13 February, 2014

Domain Registrar Faces Infringement Liability in Germany

Internet Service Providers have, for a long time, been the favorite target of copyright holders simply because they are often the conduit between the infringer and the material which is being illegally copied, although their liability as secondary infringers has been rejected since. The Internet provides a web of connectivity between a multitude of actors, such as ISPs, computer manufacturers and others, who in some ways, do enable the infringement of copyright, albeit not as their primary function. As with the former Betamax recorders, the simple function of potentially enabling infringement does not incur liability, arguably at least in most instances, however a new challenge was set against web domain registrars in Germany.

In a recent decision (which can be found here, unfortunately only in German), the German Regional Court of Saarbrücken had to decide on the liability of domain registrars, and whether they could be held liable as secondary infringers should the domain owners facilitate the aforementioned infringement. The case concerned the website h33t.com, which acts as a torrent tracker site, much like the more notorious Pirate Bay. The copyright holders of Robin Thicke's song "Blurred Lines", Universal Music, took on the domain registrar Key-Systems, who registered h33t's domain.

Ed was confused about domains
In their decision the Court saw that domain registrars could face liability if the domains they have registered facilitate the infringement of copyright. If they are notified of the potential infringement of copyright, and choose to do nothing about the infringements, they could face liability. The Court imposed a duty to investigate onto domain registrars; a duty which can be argued to be quite onerous, especially for bigger registrars which manage vast numbers of domains. Key-System's general council, Volker Greimann, commented on the decision: "The courts’ definition of what is obviously violating is however extremely broad and the duty to act is expanded to deactivation of the entire domain even if only one file or link is infringing... If left unchallenged, this decision would constitute an undue expansion of the legal obligations of each registrar based in Germany, endangering the entire business model of registering domain names or performing DNS addressing for third parties". One can agree with Mr. Greimann as to the onerous nature of the new duty imposed on registrars, especially when considering the vagueness of the duty and the potential numbers of websites which might infringe copyright in one way or another.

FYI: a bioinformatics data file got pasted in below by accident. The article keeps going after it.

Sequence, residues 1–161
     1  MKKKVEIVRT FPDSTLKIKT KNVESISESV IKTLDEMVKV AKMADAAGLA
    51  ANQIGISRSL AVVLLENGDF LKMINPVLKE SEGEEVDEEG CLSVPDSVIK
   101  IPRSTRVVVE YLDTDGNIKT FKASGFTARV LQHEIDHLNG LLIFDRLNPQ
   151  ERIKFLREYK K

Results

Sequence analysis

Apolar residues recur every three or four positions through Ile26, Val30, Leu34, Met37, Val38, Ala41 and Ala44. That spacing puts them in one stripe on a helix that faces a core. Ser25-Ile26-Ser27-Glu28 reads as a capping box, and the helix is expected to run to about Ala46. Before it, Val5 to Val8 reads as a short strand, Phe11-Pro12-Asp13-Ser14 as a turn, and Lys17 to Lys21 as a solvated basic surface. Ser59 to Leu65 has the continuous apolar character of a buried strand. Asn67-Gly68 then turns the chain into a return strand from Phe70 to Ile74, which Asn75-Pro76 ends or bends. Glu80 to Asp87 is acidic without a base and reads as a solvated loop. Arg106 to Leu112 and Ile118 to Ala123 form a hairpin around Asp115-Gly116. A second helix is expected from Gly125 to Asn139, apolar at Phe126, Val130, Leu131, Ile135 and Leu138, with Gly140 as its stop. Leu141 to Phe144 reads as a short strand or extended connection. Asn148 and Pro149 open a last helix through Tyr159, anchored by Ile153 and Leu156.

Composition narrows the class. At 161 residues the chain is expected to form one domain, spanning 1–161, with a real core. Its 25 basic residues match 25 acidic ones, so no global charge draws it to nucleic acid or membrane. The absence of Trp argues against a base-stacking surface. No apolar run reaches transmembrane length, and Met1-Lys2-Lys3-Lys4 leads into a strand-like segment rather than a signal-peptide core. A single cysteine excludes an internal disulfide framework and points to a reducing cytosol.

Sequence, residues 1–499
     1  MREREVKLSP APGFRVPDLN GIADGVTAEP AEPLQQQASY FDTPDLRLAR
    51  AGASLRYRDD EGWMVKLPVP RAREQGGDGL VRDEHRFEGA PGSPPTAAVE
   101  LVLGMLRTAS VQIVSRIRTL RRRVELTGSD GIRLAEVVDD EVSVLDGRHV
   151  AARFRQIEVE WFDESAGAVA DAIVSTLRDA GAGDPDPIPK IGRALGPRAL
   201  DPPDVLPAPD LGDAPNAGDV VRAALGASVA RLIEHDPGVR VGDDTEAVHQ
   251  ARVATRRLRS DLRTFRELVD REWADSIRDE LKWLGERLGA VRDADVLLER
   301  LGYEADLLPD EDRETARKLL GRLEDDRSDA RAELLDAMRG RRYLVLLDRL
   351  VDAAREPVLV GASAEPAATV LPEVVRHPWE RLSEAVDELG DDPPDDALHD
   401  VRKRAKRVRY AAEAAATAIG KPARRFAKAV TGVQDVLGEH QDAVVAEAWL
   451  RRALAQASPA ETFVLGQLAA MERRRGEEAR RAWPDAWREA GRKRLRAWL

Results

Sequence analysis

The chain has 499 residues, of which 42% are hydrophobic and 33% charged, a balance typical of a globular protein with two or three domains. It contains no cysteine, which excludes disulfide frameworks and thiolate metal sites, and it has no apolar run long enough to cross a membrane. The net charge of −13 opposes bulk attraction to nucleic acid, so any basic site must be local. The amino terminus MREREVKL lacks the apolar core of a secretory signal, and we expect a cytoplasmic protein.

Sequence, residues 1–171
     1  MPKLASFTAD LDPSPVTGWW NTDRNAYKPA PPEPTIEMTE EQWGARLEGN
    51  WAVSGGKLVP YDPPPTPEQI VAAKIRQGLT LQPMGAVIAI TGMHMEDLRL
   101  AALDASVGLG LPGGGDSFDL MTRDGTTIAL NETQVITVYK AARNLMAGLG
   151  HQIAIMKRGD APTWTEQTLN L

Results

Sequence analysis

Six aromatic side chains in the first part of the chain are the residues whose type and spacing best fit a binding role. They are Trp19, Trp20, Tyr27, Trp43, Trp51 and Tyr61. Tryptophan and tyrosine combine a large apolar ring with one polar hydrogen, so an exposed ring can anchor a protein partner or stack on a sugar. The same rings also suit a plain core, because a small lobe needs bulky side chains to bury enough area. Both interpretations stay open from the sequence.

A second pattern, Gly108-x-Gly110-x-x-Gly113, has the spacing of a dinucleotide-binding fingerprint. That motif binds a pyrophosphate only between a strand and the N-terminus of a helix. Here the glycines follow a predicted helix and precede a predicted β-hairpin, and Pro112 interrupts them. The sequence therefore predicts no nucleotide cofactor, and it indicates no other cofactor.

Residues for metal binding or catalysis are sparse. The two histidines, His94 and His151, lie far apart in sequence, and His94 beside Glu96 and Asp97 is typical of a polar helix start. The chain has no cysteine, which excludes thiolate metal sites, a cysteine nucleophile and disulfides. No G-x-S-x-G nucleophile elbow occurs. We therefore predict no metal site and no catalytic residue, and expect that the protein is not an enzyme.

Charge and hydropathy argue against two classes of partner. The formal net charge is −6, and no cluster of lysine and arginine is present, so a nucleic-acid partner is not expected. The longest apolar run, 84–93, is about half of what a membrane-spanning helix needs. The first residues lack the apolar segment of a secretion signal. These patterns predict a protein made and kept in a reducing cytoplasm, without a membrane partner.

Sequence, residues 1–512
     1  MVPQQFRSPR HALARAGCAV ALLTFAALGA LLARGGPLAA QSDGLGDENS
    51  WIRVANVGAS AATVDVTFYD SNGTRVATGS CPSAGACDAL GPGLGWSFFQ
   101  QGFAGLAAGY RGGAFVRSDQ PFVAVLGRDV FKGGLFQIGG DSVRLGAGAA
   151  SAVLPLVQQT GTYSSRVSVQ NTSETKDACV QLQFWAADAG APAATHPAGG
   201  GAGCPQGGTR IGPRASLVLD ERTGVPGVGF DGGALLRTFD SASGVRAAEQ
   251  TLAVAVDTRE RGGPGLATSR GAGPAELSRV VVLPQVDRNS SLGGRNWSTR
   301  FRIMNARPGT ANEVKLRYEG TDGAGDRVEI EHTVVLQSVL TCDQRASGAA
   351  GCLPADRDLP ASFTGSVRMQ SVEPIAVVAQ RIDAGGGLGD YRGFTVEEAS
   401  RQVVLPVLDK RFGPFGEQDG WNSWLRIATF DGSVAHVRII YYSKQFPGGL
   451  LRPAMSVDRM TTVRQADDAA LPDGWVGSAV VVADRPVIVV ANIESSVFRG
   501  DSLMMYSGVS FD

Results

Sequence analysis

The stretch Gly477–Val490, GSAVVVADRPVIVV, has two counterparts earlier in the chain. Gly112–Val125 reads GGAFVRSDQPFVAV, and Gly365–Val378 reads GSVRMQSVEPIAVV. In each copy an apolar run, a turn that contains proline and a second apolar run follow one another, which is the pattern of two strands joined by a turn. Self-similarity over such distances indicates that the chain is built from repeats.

The Court did mention that the infringements in relation to h33t were "...obvious and easy to identify", potentially presenting registrars with protection in cases where infringements are not obvious or are a result of negligence or ignorance. The Court in this instance ordered Key-Systems to prevent the infringement; however what those measures are remains unclear to this writer. Even though the domain is shut down by Key-Systems, its transition to another service outside of Germany can be said to be quick and painless - making the duty to investigate and take action both onerous, and arguably frivolous, as infringers will merely change service providers if their activities can be said to be illegal. Through this Mr. Greimann's argument of it hurting German domain registrars could be said to carry some merit.

Secondary liability has been a hot question since peer-to-peer services have made infringement much easier, and websites which provide users with, for example, torrent links, have become abundant. Whether liability should be extended to all middle actors can be argued to be potentially damaging to the Internet and its function. This writer does not have much insight into German law specifically, and people who might want to hear Universal Music's general council, Mirko Brüß's, arguments can refer to his opinion post here (again in German only).

Source: Bloomberg

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